Are all arts organisations increasingly discriminating against the disadvantaged?
When I like something, I usually share it via Facebook and Whatsapp. As a result, all of my friends and family (including Gran, an avid Facebook stalker) are updated on my latest cultural discoveries. I do have one friend who can’t afford a smart phone. We still keep in touch and share recommendations, but he is an outlier.
Communicating with the outlier is extra effort, but it’s worth it. That friend is usually connected to movements, bands, composers etc. which I’d never normally discover, and because their latest opinions aren’t continuously summarised into a couple of lines on social-media they’re always fresh, powerful, and interesting.
Despite the benefits of keeping connected through non-digital means, increasingly, arts organisations are focussing on digital communications to publicise opportunities and create artistic work. In the search for wider more diverse audiences, many of us are turning to social media, yet the more disadvantaged individuals are, the less likely they are to have access to internet and to smart phones.
Digital communications open up countless opportunities. For example, we can upload new music to be discovered by anyone moments after the final mix is finished, use social media to crowd-source the creative process, or invite hundreds of people to a concert in minutes. In addition to greater reach, “digital” is cheaper than printing and postage, and means we can communicate with people instantly.
The democratising openness of the internet means that arts organisations are now better than we’ve ever been at reaching out to people of all backgrounds.
Except maybe we’re not.
58% of households in the lowest income bracket in the UK have access to the internet, compared to nearly 100% in the higher brackets. In 2011, 61% of disabled people lived in households with no internet, compared to 14% of non-disabled people.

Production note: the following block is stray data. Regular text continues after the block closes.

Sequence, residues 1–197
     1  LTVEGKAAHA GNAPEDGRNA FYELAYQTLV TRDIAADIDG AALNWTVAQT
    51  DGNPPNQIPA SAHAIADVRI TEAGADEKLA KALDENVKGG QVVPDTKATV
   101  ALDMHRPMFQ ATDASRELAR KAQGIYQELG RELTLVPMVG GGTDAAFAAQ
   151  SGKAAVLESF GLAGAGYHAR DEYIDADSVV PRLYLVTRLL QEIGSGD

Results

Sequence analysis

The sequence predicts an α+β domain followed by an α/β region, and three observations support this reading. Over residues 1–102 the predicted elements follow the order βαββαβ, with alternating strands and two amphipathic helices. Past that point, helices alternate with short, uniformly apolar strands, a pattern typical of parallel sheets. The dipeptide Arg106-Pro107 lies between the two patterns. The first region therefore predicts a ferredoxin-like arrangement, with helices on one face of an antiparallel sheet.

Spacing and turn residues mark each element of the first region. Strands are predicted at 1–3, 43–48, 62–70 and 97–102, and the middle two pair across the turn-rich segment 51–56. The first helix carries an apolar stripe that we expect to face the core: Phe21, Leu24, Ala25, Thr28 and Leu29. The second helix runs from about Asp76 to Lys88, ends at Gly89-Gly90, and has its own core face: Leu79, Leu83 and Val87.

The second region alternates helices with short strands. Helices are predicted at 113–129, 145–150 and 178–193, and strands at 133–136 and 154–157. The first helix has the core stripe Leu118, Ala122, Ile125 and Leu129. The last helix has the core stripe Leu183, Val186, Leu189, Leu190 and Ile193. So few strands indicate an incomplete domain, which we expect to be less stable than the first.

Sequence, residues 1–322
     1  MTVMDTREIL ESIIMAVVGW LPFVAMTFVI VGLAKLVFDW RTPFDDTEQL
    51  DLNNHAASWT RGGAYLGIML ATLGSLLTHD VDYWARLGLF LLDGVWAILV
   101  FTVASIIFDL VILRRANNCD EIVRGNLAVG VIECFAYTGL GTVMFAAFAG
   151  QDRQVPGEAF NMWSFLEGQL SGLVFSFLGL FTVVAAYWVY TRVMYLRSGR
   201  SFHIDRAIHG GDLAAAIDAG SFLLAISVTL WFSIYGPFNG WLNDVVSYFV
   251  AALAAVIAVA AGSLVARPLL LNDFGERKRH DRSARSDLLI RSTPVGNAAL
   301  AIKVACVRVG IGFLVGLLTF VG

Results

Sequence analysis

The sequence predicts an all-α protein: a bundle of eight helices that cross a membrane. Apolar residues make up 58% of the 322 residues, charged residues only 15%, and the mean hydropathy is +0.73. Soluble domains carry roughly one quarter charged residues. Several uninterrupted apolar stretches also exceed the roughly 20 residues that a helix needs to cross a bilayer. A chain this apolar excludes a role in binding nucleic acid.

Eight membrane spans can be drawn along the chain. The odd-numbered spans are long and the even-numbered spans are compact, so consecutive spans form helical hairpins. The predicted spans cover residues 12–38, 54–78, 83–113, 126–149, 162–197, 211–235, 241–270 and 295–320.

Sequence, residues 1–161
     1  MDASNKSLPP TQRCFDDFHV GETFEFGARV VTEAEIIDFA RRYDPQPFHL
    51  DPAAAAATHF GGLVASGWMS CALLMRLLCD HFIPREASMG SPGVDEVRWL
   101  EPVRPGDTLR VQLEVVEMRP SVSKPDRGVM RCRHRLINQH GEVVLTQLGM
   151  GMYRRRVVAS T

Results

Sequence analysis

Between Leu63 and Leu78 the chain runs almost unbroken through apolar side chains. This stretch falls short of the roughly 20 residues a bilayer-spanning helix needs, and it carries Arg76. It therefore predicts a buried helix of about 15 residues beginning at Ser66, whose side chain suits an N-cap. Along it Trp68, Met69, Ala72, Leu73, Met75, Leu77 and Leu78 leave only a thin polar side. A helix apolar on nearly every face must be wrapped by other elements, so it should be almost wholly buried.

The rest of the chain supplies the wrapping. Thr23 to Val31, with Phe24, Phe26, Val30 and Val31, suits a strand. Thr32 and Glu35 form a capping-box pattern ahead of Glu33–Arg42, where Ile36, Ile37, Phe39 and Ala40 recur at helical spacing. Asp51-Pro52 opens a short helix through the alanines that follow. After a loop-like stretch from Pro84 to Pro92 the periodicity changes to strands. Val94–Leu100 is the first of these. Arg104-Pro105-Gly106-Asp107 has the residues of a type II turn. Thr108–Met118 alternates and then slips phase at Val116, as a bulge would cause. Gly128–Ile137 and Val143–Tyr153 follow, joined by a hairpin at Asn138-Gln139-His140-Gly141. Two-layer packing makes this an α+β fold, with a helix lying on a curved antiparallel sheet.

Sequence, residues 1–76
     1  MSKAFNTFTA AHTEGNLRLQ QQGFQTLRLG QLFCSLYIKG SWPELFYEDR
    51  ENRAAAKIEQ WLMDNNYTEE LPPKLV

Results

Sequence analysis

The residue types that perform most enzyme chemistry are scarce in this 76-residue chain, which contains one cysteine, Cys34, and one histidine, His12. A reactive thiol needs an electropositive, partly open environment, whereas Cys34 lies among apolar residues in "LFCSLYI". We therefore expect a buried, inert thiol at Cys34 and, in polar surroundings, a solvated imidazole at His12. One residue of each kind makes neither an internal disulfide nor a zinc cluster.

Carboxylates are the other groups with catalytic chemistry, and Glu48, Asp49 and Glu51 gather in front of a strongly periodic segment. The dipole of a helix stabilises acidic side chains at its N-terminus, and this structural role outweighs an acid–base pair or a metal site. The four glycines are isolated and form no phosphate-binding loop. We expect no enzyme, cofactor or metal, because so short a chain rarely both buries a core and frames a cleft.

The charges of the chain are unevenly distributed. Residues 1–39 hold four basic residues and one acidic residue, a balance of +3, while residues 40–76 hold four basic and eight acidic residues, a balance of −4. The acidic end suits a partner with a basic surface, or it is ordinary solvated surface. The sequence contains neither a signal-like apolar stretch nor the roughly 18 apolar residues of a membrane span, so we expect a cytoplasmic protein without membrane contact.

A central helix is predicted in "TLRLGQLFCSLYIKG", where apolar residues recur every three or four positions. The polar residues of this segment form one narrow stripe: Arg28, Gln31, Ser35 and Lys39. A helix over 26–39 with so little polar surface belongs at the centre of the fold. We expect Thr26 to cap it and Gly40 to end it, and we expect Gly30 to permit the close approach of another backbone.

The digital communication space is driven by private organisations, which are in turn driven by pursuit of profits. There is little or no market for a communications solution that reaches the poor. We focus on mobile-optimisation, but only 58% of the UK population access the internet on mobile devices.
The arts sector adopts practice and solutions from the commercial world, so must supplement the amazing tools at our disposal with communications aimed at the digitally-disconnected.
With stretched resources, and – in the case of Sound and Music – with a national audience to reach, digital communication is the only solution to long-term audience development, but it can’t be the only activity. Until everyone has internet access, “audience” can’t be short-hand for “people with smartphones”.
Having said all this, “Word of Mouth” remains one of the most effective channels by which people discover our opportunities. Maybe by being digitally louder our voice is reaching the disadvantaged and marginalised more effectively too.
So are we discriminating against our digitally-disconnected audiences? It’s certainly a conversation Sound and Music will be exploring further.